One more thing. I love you. 

- Dad

PS. I know you're too young to read my blog Harrison, and your mom probably wouldn't let you anyway, but maybe one day you'll come across this while doing research for a paper or checking sports scores. Maybe it will be just what you need to hear from you're dad. And maybe these guys will still be cool, and this song will make sense. It's good advice. 


The Muppets Can Eat It

Nothing against the Muppest, but these puppets are waaaaaay cooler.

Life In Technicolor ii lyrics

There's a wild wind blowing
Down the corner of my street
Every night there the headlights are glowing

There's a cold war coming
On the radio I heard
Baby it's a violent world

Oh love don't let me go
Won't you take me where the streetlights glow
I could hear it coming
I could hear the sirens sound
Now my feet won't touch the ground

Time came a-creepin'
Oh and time's a loaded gun
Every road is a ray of light
It goes o-o-on
Time only can lead you on
Still it's such a beautiful night

Oh love don't let me go
Won't you take me where the streetlights glow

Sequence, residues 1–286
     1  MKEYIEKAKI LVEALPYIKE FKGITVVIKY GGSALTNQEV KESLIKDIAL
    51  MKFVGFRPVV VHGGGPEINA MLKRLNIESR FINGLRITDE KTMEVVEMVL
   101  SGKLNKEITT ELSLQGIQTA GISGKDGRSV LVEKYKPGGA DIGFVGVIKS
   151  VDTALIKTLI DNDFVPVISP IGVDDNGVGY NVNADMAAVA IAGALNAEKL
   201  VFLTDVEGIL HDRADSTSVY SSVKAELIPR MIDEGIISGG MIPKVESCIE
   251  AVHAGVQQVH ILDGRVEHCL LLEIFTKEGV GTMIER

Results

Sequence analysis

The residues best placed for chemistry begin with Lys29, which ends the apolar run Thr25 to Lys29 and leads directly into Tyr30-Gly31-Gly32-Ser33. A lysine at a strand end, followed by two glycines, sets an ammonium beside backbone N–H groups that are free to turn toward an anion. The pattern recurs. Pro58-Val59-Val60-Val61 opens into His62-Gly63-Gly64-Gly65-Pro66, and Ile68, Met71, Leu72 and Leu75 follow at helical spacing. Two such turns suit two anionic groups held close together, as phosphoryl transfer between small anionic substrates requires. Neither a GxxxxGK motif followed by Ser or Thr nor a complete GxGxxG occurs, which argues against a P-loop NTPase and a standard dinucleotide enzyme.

I could hear it coming
Like a serenade of sound
Now my feet won't touch the ground

Gravity release me
And dont ever hold me down
Now my feet won't touch the ground


What's Not Fair

At 37, I've long since figured out how unfair life is. And of course, it's never an excuse, just something you live with - an obstacle that makes you stronger. Kids, however, are still in that learning process. With mine, anytime I say that we can't go to the park because of the rain, or they can't have a toy from the store, it usually illicit the predictable response, "That's not fair!" Then I go into the big parental spiel on how because our choices or even by no fault of our own, life might not always go the way we want it to and nothing we can do will change it. Sometimes I say this with great paternal stoicism, while at others I find my own advice hard to swallow like choking on a fat, dry pill without the aid of water. Certain aspects in being a stepfather qualify as one of those moments.

This weekend was Allie's birthday party. She's seven, but because of her height she looks twelve. It's a trait inherited from her six-foot, four-inch father. The same father who slapped on a big goofy sticker from Chucky Cheese, the word "dad" prominently showing on his chest like he were some sort of superhero. The same dad who squeezed into every photo op, putting his arm around Allie and pressing in cheek to cheek for everyone to get a snapshot before the candles were blown out.